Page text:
Credit union looks to expand to Wilmington
Town tax rate to rise by 4 cents next year
WILMINGTON — Maggie Pope, chief executive officer of the Peru Federal Credit Union, attended Wilmington’s monthly town council meeting on Tuesday to express her interest in Wilmington and get a sense of whether the feeling is mutual.
Pope said that early in her career she worked in the Adirondack Regional Federal Credit Union’s Wilmington location and “could never understand why it closed — I felt it was quite busy.”
She said she’s looked at Wilmington’s demographics and feels the time is right for her credit union — which currently has branches in Peru, Keeseville, and AuSable Forks — to expand into Essex County.
“I love this community,” Pope said. “I want to be a part of it.”
However, “I don’t just want to say, ‘We’re coming to town,'” she added. “I want to know we’re wanted. … If we have the community’s support, I think we would do really well here.”
Pope outlined plans to open a Peru Federal Credit Union branch next door to the Little Super Market, in a building that until recently was the site of a hardware store. She said that if everything goes smoothly, the credit union could open in the spring.
The town council quickly approved a resolution in support of Pope’s efforts.
Michelle Preston, manager of the town’s visitors bureau, summarized the response to Pope’s presentation when she said, “Anything we can do to help, just let us know.”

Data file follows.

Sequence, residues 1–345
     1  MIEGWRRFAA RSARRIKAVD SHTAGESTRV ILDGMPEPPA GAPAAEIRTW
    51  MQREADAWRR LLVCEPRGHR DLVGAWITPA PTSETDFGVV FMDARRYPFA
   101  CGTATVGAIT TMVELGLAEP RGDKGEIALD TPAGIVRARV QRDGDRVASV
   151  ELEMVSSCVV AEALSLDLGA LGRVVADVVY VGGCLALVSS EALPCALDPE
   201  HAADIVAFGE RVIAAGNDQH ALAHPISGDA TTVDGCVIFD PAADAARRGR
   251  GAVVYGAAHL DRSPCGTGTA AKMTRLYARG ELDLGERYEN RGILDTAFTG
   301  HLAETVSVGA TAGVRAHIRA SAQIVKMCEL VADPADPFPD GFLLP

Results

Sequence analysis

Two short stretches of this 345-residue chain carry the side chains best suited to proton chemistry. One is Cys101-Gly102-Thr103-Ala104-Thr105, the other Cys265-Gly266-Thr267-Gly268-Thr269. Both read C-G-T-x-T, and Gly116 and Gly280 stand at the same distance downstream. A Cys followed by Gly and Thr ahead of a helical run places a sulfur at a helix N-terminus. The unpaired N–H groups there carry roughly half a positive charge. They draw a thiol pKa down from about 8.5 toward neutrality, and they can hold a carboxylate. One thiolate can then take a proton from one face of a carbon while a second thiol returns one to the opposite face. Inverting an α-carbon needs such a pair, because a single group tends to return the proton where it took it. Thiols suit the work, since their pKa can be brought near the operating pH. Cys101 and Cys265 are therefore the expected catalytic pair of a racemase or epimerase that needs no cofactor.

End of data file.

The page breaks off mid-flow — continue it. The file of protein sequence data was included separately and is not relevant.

In other business, town Supervisor Roy Holzer said he expects the town tax rate to increase by 4 cents per $1,000 of assessed property value. Holzer attributed most of the increase to a delayed reimbursement from New York state for the cost of work on the dam that impounds the West Branch of the AuSable River near the center of town.
The town council’s monthly meeting on Nov. 5 will include a public hearing on the town budget.
Looking ahead to Halloween, the Kampgrounds of America (KOA) on Springfield Road will host the third annual Trunk-or-Treat.
Individuals, families, businesses, and civic organizations plan to decorate campsites — all of which have electricity and fire pits — and provide “safe and fun” trick-or-treating from 4 to 7 p.m. on Halloween.
Trunk-or-Treat is being organized by Tina Preston, the Wilmington Church of the Nazarene and the Whiteface Region Visitors Bureau. Visitors bureau manager Michelle Preston said that so far, about 30 different people and groups have arranged to sponsor sites, and she expects that number to grow. There is no charge to sponsor a site.
Children from Wilmington and nearby communities are invited to the event.
Michelle Preston said people with questions about Trunk-or-Treat should contact the visitors bureau at 518-946-2255.
As summer has turned to fall, fall will turn to winter.
Holzer said that the state Olympic Regional Development Authority plans to limit the number of guests in Whiteface Mountain Ski Center’s lodges and on its slopes in response to the ongoing pandemic.
Nonetheless, “They’re expecting an extremely, extremely busy winter, and if you look at how busy we were this summer, I think they might be right,” Holzer said.
One of the final items the board discussed was a grant from the Adirondack Foundation for the town’s youth ski program. After the meeting, Holzer said helping Wilmington’s young people enjoy the mountain that looms over their town is a priority for him, that Wilmington’s youth ski program will provide kids with lift tickets for six afternoons of skiing this winter, and that he hopes to increase opportunities to get local kids on the slopes in the future. He said people with questions about the youth ski program should contact him via the supervisor’s office.